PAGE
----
Nancy Colier
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Surviving 2020, One Panic Attack at a Time

Wow, 2020! Our year of anxiety. Many of us are walking around with a sense of trepidation, if not abject fear, in our bellies, and brains. Sometimes it feels like there’s so much to be afraid of, so much on the line right now, that there’s literally no way to be OK.

So, what are we to do with all this anxiety? When the new normal is anxious, when living with a constant sense of fear is just how it is, can we, also, feel peaceful and even well (without being delusional or in denial)?

While it may not be what we want to hear, the only way through our anxiety is through it. In order to ease our anxiety, we have to stop running from it and actually experience it.

Amped up on caffeine, I had spent the morning busying myself with one task after another. With a hyper-zealous, Virgo-style efficiency, I was getting an inordinate amount done, which was good, but I could also sense a kind of franticness in myself. As productive as I felt, I also knew that it wouldn’t have been possible to stop moving, stop getting stuff done, stop accomplishing, stop checking the boxes, just plain stop. I could tell that I was running, internally and externally. And so, after 400 years of spiritual practice, lo and behold, it occurred to me to stop and ask myself what I was running from.

When I asked myself this question, however, I was careful not to frame it as an intellectual quandary. Such an inquiry can easily become an invitation to describe (to ourselves) all the things we’re anxious about, to mentally regurgitate the list of scary things and remind ourselves why we have a right to be afraid. But ultimately, this is not helpful, not in any deep sense. We already know what we’re afraid of and why. Naming it may be helpful for our mind, but it doesn’t usually make us feel any better at a gut level.

When we become aware of the fact that we’re running from something inside ourselves, when we feel like we can’t stop or desperately don’t want to stop doing or “tasking,” that’s our cue that we really do need to stop. We have to (compassionately) override the instinctive part of our brain that’s desperately trying to keep us away from what scares us.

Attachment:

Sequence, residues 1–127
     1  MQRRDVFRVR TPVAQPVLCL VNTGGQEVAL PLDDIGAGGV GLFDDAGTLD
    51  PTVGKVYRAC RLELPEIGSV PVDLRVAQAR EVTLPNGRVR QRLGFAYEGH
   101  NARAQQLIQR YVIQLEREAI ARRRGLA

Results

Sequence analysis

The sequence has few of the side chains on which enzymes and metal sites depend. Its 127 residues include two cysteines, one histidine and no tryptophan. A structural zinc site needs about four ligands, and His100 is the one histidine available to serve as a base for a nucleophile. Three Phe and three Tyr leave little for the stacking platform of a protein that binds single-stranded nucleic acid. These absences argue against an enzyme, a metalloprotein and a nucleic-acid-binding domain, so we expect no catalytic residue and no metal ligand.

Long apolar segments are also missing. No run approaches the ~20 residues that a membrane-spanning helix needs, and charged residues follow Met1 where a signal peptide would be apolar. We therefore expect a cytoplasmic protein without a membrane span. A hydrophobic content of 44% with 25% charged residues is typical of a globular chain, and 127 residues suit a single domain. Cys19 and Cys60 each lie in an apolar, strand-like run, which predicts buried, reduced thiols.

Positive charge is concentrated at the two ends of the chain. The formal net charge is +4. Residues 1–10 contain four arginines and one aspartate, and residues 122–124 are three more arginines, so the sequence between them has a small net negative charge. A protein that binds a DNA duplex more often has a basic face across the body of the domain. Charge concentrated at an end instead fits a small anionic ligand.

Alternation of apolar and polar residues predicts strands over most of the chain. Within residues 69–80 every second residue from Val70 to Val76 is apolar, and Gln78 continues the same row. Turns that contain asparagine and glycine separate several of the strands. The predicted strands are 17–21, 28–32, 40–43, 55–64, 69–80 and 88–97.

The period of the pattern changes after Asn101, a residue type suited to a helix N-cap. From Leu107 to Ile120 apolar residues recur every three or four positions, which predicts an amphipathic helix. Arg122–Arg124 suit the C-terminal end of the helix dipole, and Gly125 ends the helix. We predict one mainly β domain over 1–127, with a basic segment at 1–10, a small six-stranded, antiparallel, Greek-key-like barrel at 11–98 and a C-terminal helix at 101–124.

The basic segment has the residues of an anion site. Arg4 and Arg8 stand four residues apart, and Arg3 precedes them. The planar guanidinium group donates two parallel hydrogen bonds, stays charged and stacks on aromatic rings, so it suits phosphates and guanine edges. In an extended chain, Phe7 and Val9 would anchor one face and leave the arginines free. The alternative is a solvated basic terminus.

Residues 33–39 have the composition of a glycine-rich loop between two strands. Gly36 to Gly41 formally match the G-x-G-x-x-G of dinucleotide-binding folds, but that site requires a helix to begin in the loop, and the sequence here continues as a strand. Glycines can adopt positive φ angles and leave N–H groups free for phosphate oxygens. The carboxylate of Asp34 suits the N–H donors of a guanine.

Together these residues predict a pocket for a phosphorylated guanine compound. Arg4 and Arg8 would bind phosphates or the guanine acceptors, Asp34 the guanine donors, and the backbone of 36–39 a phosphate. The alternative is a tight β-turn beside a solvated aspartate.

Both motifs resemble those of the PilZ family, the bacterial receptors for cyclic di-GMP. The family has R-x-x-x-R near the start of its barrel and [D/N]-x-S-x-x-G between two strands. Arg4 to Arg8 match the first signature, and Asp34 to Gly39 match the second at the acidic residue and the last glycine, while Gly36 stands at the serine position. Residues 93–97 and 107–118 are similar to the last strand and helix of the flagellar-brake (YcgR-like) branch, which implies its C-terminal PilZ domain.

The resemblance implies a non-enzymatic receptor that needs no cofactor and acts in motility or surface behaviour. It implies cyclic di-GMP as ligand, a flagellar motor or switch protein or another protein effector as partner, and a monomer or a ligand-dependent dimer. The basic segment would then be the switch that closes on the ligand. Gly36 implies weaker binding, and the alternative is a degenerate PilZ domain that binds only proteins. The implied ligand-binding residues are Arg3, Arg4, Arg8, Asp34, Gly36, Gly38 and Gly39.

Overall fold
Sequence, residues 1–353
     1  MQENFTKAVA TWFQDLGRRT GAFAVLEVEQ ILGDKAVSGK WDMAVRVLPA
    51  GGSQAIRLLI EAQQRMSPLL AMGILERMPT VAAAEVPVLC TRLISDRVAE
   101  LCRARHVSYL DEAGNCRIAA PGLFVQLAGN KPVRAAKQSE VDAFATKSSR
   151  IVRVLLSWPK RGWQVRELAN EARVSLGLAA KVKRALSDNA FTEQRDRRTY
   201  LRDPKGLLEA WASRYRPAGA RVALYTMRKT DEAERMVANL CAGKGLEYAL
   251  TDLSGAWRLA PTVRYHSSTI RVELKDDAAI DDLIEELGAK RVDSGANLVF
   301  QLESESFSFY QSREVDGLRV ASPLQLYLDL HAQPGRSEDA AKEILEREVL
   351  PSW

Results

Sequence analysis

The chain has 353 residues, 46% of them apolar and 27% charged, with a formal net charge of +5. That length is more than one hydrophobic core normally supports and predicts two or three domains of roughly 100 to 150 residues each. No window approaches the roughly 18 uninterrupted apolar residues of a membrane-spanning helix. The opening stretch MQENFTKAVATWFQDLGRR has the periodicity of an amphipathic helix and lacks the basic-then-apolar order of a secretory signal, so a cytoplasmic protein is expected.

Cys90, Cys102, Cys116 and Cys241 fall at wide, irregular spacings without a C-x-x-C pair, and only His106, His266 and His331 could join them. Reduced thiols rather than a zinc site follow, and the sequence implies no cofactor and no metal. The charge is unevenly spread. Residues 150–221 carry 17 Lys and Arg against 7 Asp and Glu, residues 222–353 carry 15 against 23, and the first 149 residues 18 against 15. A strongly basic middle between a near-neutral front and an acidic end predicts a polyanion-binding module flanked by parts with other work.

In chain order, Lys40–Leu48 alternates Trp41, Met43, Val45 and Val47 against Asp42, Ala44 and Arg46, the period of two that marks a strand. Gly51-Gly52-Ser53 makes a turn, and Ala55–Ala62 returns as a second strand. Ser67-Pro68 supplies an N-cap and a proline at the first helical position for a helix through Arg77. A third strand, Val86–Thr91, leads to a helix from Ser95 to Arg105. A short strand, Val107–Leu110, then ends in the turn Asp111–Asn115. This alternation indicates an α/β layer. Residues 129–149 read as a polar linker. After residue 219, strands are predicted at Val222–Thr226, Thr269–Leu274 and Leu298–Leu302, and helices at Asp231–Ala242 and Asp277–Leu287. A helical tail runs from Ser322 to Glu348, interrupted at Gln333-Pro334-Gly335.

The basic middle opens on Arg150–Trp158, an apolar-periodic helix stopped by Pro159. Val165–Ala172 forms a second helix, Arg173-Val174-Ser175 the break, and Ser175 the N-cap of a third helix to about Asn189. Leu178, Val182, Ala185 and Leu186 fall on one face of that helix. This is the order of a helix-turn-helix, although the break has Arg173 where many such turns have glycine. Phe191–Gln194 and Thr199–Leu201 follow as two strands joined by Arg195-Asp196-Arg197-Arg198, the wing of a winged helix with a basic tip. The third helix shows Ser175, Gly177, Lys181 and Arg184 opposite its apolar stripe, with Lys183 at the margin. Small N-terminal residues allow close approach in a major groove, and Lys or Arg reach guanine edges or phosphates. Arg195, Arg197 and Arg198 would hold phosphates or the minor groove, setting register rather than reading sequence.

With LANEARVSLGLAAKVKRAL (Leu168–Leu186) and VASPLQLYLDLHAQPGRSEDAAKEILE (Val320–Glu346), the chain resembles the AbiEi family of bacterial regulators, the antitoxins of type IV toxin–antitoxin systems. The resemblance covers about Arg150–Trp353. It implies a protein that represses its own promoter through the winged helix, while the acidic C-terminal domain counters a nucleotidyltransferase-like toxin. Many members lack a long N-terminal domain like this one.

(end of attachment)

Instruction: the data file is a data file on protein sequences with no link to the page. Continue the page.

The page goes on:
My advice is the last thing on earth you want to hear. I get it. I spent years, even decades, running, literally and figuratively, moving and doing, accomplishing anything and everything. I got all sorts of accolades for my running, but my real work was in learning to stop. That is, to get inside here and feel its edges, no matter what here contains.

When we feel the anxiety of what’s happening in our world these days, we can invite ourselves, albeit counterintuitively, directly into the experience of what we’re calling anxiety. Not our story or narrative on it, but the experience itself, what it feels like in our senses. We can literally say to ourselves, feel this, feel its edges, feel its uncomfortableness. Simultaneously, we can give ourselves permission to not have to understand it, figure it out, solve it, make it feel better, or make it go away. But simply to get inside it, step into it like a wet suit you wear scuba diving.

Maybe it’s all my years of being a serious athlete, of pushing my body and mind past what felt possible, but there’s something challenging (in a good way) and even exciting about experiencing something hard, about getting inside the experience of uncomfortableness. There’s a real payoff when we do hard things and stretch outside our comfort zone. Dropping into our actual experience, whether it’s anxiety, fear, anger, sadness, whatever it is, can in fact be a fascinating and beneficial exercise.

And here’s the thing: When we stop running and drop into whatever is here under all the running; when we let ourselves travel into the eye of the storm and the center of our experience, remarkably, we feel better. It’s the paradox of all paradoxes: When we allow ourselves to experience our anxiety, we feel less anxious (and that’s true for most everything). It’s as if the anxiety benefits or is soothed by our own presence.

But, I repeat, experiencing it is not telling ourselves about it, listing its causes, or trying to solve it. Experiencing it is not blaming ourselves or anyone else for it. Experiencing it is not collapsing into our emotional storylines about it. It is just (and yes, I’m laughing as I write “just”) a matter of inhabiting the experience itself, getting inside it, and if it works for you to imagine, feeling its edges.

So, give it a whirl. The next time you feel anxious or any other unwanted emotion, try thinking of it as a challenge. If you’re like me, you can make it a kind of athletic or spiritual challenge, like climbing Mount Everest. Instead of distracting yourself from the emotion, do the least intuitive thing possible: Stop and drop into the experience itself, lean into the feeling you’re running from. Feel what it’s like, get inside its edges. Wear it. Hey, if the experiment is a disaster and experiencing it proves worse than running from it, you can always peel off the wetsuit and put your sneakers back on (and unsubscribe from my blog). Let me know how it goes.

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